Daisuke Shimoda, ARUN Partner
Well, what should I write? Writing whatever I want for other people to see may be the first time since my elementary school free essay. It seems that I can write anything at all, unrelated to ARUN, but it would be a little embarrassing if I just write about my favorite sweets. I will write about something I thought of during my business trip to Vietnam, on the comfort of a society.
■ Vietnam and the Motorcycles
In July and August of this year, I had a business trip to Ho Chi Minh City, Vietnam. People were friendly, the food was as good as I heard about and my weight increased steadily despite of its healthiness. But what impressed me the most was the number of motorcycles. As you may know, Ho Chi Minh City is the motorcycle mecca, and though I have heard about it, the real scene was overwhelming. The motorcycles were half, or depends on the hour and the location, more than 90% of the traffic. They were surrounding cars and it was a miracle that accidents did not happen. The pedestrians cross the streets, the motorcycles dodge them, and in the mixture, some bicycles zip… it was rather a shocking situation for a Japanese person from a tranquil society.
However chaotic, I also felt that each vehicle and object (motorcycles, pedestrian, cars, etc.) are meshed organically to form a city. In Japan, everybody moves according to the set rules such as the red light that indicates time to stop, blue is for moving behind a car you need to leave 10m. This order seems to create safety and efficiency, but it seems possible that Ho Chi Minh city is more efficient, where everyone determines their own space and move wherever they need to go. The moving speed was slow, but I didn’t experience a complete stop and waiting time, which was comfortable (although I would not want to drive there.)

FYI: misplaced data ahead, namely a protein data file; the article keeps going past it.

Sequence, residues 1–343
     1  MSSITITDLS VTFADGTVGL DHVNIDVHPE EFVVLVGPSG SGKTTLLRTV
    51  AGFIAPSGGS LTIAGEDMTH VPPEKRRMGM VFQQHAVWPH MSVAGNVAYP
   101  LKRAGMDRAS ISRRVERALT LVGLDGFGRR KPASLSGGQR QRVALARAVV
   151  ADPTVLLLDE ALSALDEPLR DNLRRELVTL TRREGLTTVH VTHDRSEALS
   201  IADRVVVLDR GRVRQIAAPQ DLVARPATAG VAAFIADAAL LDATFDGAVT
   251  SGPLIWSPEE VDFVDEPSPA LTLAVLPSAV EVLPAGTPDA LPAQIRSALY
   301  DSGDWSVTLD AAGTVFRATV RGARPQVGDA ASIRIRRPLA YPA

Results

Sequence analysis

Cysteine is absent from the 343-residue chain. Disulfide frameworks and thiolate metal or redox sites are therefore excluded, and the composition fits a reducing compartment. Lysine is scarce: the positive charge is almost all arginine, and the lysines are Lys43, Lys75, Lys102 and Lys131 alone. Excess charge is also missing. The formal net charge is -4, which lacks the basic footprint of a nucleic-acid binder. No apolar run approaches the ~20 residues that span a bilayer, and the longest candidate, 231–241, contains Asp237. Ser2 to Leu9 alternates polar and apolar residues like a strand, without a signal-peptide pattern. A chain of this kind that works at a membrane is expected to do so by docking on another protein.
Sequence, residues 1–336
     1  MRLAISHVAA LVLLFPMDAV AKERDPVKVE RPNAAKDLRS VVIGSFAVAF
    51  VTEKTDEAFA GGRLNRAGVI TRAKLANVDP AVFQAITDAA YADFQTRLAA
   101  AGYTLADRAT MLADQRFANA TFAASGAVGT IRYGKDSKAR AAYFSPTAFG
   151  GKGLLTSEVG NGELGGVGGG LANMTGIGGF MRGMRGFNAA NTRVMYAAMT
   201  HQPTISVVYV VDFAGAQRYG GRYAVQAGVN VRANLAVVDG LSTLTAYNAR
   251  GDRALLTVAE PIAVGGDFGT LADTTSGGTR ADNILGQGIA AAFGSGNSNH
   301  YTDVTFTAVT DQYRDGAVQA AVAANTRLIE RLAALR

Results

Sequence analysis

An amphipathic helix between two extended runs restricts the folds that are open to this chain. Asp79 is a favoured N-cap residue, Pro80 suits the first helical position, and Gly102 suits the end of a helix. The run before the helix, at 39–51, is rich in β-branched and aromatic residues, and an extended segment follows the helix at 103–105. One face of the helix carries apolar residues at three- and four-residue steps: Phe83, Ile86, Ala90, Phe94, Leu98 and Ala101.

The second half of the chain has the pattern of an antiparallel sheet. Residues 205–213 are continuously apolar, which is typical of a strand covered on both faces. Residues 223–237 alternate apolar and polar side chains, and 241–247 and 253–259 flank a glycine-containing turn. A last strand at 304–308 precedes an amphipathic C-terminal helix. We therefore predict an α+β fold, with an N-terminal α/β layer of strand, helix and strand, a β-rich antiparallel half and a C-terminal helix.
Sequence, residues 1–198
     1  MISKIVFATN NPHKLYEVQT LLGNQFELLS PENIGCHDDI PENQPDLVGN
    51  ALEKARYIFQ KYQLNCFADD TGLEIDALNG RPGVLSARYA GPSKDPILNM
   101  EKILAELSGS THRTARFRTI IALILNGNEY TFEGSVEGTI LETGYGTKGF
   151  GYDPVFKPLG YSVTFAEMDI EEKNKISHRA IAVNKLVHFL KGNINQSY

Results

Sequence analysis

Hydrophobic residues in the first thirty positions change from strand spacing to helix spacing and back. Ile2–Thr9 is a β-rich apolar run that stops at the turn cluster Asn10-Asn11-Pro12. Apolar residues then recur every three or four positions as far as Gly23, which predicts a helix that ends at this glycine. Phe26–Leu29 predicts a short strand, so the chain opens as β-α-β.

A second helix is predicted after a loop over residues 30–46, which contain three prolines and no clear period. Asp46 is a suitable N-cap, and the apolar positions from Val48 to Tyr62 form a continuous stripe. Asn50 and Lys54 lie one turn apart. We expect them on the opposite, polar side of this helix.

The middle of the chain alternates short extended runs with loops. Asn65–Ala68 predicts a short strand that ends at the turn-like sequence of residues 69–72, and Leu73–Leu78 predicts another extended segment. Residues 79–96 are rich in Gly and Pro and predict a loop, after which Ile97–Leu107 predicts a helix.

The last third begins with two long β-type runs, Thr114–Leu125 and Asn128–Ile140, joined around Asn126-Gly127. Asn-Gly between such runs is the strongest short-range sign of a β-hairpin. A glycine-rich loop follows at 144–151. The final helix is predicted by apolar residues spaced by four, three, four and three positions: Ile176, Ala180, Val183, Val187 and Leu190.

■ What is Comfort?
On the contrary in Japan (mainly in Tokyo), even though the regulated infrastructure and the good manners may be more sophisticated than other advanced countries, it seems that the society lacks in the consideration of comfort. I sense the trend that the numbers such as efficiency and the turnover rates are highly valued, and when someone tries to pursue comfort, he is accused of inefficiency and being imprudent. When we commute, we are crowded into train cars as if to fill every empty space; at work, we are pushed into a small cubicle (my office); and even on our break, we have to fight for a small seat at Starbucks. We are far from being comfortable.
By the way, I hate commuting with trains. I don’t understand why I have to be pushed in with so many people, and I rented an apartment near my office so I can walk to work. Motorcycles seem to be the way to go, to be able to go wherever and whenever I like.
Of course, motorcycles have their weaknesses such as safety, vulnerability to weather, and you can’t drive when drinking. The true answer for the society is, however, to think merits and demerits of each option. That is why social investment exists (this may be a too forcible conclusion.)
How much does a certain activity provide comfort to people? What is the expectation for how advanced the society should be? Is the activity striving for something nobody has not been able to actualize? When evaluating social investment, it is important to have such criteria. It would be wonderful to see businesses being born that reverse import the investments to the developing countries.